I have always been an organized sort of person. Being organized, I find, reduces my stress by at about 70%.
If you’re someone who worries, plans, and stresses about the next day while lying awake in bed at night, know that taking care of some things before you hit the sack can be extremely helpful in getting your mind to relax. In this post I’ll share some things I might do in the evening so I have a restful night, as well as a smooth morning and (next) day.
Note: Now you might consider this list (or me!) a little crazy, but you only need to pick and try one or two of these things, or your own, and see how they affect your stress level. Said another way: I’m NOT suggesting you do them all!
In the bedroom . . .
Pick out the clothes you’re going to wear in the morning — this includes shoes and any accessories such as bags, jewelry, and jacket (if necessary). This is one less decision to make in the morning!
Stop using any screens at least an hour before bed. It’s good to have a paper and pen on your nightstand though, in case you have thoughts your mind is trying to hold on to — things like to do’s you’ve forgotten about until your brain settled a bit. If you don’t write them down, your mind will be busy, and that doesn’t help you get to sleep. You can always digitize the thoughts later, when you choose to look at the screen.
In the kitchen . . .
Decide what you’re going to have for breakfast, based on what’s in the fridge and how long your food needs to sustain you. For example: if I know I’m going to be out and about and relying on a protein bar mid-morning to hold me over until lunch, I make sure I have a high-protein breakfast, such as eggs and bacon. You may set out something that reminds you what you planned on having, such as a pan or a plate (often helpful before that cup of coffee!).
Prep the coffee maker: set the timer so that when you’re ready for that first cup it will already be available. There’s nothing like the smell of fresh coffee made — without any effort — in the morning! This is one of the easiest things to do.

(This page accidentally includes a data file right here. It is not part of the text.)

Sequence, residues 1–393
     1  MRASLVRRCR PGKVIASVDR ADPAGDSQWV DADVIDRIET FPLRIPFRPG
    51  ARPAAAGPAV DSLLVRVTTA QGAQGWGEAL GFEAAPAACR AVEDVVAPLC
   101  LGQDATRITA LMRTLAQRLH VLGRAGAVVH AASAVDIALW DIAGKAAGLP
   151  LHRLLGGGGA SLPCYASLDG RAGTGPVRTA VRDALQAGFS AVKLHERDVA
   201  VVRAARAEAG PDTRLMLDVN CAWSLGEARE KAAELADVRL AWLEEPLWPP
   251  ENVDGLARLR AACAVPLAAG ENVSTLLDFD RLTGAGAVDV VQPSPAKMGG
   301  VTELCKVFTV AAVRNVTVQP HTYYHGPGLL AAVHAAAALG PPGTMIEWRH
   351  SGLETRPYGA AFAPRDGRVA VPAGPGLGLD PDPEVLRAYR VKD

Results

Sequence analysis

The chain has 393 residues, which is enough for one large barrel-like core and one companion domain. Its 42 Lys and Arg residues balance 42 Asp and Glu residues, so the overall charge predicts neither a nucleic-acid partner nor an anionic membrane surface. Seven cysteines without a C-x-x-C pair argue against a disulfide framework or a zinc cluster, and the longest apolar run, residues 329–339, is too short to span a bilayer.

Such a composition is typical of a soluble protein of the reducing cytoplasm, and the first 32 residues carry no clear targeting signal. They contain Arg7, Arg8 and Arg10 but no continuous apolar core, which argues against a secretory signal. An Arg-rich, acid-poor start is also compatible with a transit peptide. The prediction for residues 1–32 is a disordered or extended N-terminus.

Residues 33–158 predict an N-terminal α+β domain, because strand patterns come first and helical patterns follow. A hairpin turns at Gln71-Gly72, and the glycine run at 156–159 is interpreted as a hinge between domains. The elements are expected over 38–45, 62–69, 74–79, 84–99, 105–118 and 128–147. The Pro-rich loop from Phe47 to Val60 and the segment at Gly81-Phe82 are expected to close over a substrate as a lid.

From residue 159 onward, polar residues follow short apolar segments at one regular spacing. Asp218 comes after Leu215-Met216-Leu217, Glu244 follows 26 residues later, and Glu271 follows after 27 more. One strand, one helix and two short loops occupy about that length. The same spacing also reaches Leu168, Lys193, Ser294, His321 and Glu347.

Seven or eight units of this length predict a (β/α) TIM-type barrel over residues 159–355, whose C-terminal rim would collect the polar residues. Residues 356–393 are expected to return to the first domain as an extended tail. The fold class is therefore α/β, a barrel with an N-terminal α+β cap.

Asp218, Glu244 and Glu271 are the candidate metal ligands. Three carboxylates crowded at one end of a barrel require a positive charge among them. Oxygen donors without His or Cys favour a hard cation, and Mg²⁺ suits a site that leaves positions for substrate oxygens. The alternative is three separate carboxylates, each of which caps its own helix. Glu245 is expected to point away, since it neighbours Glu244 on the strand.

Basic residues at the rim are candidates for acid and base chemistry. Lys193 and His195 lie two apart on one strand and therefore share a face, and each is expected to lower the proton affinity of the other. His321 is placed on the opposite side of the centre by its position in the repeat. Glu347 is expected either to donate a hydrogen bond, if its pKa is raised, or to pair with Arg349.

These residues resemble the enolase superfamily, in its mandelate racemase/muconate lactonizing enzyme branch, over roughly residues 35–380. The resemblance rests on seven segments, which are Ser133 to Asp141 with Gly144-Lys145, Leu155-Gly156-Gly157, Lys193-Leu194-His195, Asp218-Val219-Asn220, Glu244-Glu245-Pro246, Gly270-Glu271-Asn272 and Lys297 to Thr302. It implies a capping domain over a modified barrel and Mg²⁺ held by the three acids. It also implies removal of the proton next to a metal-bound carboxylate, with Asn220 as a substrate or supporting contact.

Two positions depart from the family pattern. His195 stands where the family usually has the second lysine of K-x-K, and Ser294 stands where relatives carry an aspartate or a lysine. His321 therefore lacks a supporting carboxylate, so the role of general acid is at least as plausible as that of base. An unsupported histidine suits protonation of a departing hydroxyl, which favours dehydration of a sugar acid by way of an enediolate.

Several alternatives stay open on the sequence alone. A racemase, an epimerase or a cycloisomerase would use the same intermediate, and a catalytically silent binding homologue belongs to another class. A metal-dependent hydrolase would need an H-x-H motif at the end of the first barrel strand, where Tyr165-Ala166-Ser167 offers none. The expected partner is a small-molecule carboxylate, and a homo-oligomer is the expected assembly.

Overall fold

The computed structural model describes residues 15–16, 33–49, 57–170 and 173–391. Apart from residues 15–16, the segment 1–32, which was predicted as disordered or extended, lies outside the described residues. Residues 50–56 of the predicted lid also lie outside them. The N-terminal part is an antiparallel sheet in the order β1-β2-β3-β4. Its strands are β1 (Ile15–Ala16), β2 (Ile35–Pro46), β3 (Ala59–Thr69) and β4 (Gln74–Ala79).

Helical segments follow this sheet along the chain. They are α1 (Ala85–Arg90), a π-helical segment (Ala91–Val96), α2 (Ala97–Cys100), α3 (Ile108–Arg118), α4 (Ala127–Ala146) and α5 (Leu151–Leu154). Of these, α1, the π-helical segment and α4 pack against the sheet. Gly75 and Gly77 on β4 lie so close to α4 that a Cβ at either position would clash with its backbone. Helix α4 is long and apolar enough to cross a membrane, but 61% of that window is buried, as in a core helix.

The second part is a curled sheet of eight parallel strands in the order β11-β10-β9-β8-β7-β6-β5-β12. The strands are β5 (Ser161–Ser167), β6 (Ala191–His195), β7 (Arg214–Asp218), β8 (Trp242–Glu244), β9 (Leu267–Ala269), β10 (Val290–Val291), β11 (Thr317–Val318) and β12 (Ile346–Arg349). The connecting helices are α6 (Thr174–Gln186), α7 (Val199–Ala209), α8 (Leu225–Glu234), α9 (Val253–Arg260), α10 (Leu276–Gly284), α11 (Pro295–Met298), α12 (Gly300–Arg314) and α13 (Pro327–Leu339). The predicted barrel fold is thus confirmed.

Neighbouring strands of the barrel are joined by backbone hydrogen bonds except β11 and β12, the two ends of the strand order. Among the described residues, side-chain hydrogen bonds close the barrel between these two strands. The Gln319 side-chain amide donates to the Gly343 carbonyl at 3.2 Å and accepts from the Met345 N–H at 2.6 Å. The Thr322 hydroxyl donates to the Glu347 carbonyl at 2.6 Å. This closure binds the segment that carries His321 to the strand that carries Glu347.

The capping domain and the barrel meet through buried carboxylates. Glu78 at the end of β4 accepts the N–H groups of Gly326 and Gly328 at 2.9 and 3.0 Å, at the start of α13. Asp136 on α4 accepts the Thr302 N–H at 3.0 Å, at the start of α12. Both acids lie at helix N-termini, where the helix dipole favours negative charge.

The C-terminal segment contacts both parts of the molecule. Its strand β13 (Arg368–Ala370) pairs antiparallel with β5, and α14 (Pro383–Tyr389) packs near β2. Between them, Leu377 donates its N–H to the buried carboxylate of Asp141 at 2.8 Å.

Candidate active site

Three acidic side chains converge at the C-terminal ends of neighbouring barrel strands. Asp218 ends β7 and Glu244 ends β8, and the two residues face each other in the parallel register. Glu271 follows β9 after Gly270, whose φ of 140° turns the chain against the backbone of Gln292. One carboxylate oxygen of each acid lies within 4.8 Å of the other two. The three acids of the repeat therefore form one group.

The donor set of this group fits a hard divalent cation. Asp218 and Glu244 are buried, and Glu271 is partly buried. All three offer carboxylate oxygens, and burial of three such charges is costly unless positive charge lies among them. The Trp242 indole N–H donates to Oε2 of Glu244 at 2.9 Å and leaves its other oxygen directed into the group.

If you know you’re going to be running around up until lunch, you want to have something available to eat (without a lot of cooking fuss) when you get home, or a plan for where to eat lunch that’s healthy. This can mean there’s a plate of leftovers from dinner in the fridge with your name on it. It could mean a lunch date at a restaurant with a friend.
In the office . . .
Calculate how much time you’ll need in the morning. For me everything is about a half hour: my yoga practice is 30 minutes, getting ready takes 30 minutes, breakfast is 30 minutes. If I make a little extra “me time” in the morning, I add 15–30 minutes. This means that I set my alarm to wake me up exactly at the time I need to; in the morning I don’t have to second guess (or do math about) whether I can snooze and still do what I wanted.
If you’re leaving the house for work, ensure your bag is as packed as it can be and place it near the door. Check the weather so you have an umbrella or sunglasses handy. If you’re taking public transportation, make sure you have any fobs you might need; if you’re driving, put your keys there.
If you have to drive, take a bus, or otherwise commute, know exactly where you have to be, and how you will get there. Traveling can be stressful, so it’s good to have a plan. Use Google maps, check bus routes, and more importantly, view being early as an opportunity: pack a book or a podcast you’ve been wanting to listen to in your bag.
Make sure there is space in your day’s schedule. I find I do best in two hour blocks, and then no matter what I’m doing, I need to switch tasks. It might be computer work vs. movement, social vs. alone time, whatever. But personally I get cranky and less fun to be around if I fail to follow this advice!
Straighten up whatever area you’re going to encounter first thing in the morning. Maybe that means the kitchen sink is clean and free of dishes. Maybe it’s that your desk is neat and tidy so when you set out to work, you’re not distracted by clutter. (This is especially useful if you work from home.)
I certainly don’t ALWAYS do these things. But the busier I know my day is going to be, the more likely I am to do some of them the night before. Why? Because even if I do just a few of them, I leave my house or set out to work feeling more calm, more centered, and more ready to face whatever happens (that I haven’t prepared for)! And I can stop my mind from worrying about them when I should be getting some much needed rest.